April 11th, 2013

How To Cut Through The Book Clutter-BookFinders!

I love the book publishing industry these days. With the advent of easy self-publishing and e-books, there are infinitely more choices out there than ever before.

I hate the book publishing industry these days. With the advent of easy self-publishing and e-books, there are infinitely more choices--well, you know the rest.

It has gotten much easier to be published these days. Result: There are far more awful, atrocious books out there than ever before. I believe that there are also far more well-written books out there, books that meet my tastes more exactly than the ones the big New York publishers discovered back in the old regime. The problem is finding those books. The answer is a kind of crowd-sourcing that I haven't seen tried yet.

Several companies have tried American-Idol-style crowd-sourcing schemes to find gems in their slushpile. Gather tried it with their "First Chapters" contests. Authonomy has the same kind of setup on an ongoing basis. None of them have worked particularly well because they attract mostly aspiring authors and their friends, and success comes not from having a good book but having time and skill at working the social networking of the crowd-sourcing sites--not necessarily skills that translate into the larger book market.

What might actually work? Crowd-sourcing at the on-line bookstore level. A large percentage of the old slushpile is now on Amazon and Barnes and Noble.com as self-pubs. I know that there are gems among those books because I've found a few. A kind of crowd-sourcing might help us find the rest. How would that work? Sort of like Amazon's Associates program, but with some refinements. Amazon's Associates program gives people a percentage of the proceeds from Amazon sales that originate from a link on the person's website. What if Amazon or B&N.com or some of the big independent online stores took that a couple of steps further: Allow people to set themselves up as "BookFinders" with a shelf of what they consider the hottest science fiction or mystery or Romance titles. BookFinders would get a percent of sales originating from their shelves. They would compete against each other for slots in the "Top Ten Science Fiction BookFinders (for the month, for the year, eventually for the last five years, maybe)."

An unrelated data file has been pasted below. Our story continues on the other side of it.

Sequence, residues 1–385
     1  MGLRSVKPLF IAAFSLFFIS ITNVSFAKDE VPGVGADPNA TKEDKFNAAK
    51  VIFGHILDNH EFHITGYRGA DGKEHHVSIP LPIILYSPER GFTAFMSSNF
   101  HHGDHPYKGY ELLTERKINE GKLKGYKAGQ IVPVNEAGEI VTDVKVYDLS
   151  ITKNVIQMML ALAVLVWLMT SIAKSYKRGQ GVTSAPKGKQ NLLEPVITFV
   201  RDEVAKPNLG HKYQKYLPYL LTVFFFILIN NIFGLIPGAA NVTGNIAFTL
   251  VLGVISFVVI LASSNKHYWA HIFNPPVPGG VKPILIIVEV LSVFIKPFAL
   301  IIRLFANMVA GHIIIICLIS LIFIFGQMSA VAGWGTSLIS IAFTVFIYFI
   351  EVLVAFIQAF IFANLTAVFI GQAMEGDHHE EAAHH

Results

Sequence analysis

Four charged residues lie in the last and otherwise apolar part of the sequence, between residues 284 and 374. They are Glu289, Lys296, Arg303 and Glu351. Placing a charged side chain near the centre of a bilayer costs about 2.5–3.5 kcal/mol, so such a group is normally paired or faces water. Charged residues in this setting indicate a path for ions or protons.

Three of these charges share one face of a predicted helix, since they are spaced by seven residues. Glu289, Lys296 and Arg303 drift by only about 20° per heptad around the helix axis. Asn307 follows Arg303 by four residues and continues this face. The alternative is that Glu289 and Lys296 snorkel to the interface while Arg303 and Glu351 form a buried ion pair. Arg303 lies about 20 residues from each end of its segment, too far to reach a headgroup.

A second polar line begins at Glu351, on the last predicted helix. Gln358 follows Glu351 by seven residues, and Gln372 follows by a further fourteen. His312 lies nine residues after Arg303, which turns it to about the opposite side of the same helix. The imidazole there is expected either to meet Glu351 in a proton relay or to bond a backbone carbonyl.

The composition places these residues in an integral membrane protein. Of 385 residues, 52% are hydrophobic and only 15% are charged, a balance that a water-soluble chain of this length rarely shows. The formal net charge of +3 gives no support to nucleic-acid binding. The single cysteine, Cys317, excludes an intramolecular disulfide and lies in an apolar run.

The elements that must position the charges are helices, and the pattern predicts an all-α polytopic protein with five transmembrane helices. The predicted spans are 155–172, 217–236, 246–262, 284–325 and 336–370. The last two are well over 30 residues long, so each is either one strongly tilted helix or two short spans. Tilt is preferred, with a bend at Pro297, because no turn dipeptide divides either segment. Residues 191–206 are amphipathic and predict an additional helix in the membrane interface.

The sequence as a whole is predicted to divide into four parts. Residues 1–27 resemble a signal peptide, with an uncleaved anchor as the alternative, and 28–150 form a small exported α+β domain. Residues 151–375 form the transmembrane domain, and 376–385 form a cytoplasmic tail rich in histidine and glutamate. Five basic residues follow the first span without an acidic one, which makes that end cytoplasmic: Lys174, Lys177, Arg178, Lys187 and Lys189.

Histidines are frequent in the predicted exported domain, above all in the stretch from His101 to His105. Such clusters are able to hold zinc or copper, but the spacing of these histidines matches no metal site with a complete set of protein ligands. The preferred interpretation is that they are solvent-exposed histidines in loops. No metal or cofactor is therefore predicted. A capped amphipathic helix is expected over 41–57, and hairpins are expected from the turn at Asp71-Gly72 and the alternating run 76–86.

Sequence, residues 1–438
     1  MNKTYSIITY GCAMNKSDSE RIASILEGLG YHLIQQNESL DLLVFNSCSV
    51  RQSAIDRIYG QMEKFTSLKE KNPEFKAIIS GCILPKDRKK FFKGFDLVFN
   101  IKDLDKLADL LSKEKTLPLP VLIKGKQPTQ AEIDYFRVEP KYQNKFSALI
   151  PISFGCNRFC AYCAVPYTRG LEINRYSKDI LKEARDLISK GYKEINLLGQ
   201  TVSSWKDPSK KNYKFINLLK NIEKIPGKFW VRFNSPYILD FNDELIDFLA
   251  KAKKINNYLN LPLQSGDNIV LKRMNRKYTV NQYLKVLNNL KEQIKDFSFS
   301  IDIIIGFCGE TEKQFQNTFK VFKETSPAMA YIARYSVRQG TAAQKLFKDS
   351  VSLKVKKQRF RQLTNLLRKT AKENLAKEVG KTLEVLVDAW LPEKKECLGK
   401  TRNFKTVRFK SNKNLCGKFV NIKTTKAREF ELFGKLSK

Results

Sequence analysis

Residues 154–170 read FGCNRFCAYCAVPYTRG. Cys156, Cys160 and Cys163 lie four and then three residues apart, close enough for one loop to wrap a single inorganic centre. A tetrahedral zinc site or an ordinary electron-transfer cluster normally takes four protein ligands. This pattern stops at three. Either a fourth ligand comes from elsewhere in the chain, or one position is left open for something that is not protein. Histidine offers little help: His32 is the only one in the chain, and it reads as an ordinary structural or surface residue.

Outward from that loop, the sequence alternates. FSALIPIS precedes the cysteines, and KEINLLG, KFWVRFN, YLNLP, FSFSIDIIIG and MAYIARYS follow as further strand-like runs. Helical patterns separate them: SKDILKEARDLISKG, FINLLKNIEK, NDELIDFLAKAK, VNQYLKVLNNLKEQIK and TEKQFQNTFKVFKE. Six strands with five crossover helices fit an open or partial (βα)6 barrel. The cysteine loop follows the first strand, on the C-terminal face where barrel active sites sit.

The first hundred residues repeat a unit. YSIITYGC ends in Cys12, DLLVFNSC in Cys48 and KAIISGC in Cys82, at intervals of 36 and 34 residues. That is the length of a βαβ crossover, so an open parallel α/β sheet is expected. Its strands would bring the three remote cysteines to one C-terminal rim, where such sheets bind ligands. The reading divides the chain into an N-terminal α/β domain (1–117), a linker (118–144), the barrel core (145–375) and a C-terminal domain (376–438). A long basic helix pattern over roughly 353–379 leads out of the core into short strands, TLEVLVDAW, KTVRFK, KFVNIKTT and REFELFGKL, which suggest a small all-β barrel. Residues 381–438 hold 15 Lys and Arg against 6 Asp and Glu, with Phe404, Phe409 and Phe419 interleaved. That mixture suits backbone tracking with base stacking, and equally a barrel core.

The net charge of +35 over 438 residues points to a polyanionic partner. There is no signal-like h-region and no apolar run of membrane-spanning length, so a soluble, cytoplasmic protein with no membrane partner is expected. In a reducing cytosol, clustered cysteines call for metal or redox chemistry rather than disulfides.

Top BookFinders might get a cash or percentage bonus on a monthly or annual basis as an incentive to maintain their high ranking. Ability to spot unknown authors with potential before everyone else does would be the key to staying near the top of the BookFinders rating for your category, which in turn would feed on itself, as readers preferentially looked at the top-rated lists. Other BookFinders might find niches for themselves, so that people would go to them for say little-known space operas or time-travel romances involving the 1500s.

BookFinding would be a dream job for avid readers, and would help the rest of us cut through the clutter to find the good stuff that is out there. The only way I can think of to make it work involves one or more of the major online bookstore chains (or maybe a coalition of independents) latching onto the idea.

What do you think? Would it work? Is anybody doing something like this?  I would dearly love to be BookFinding for a part of my income.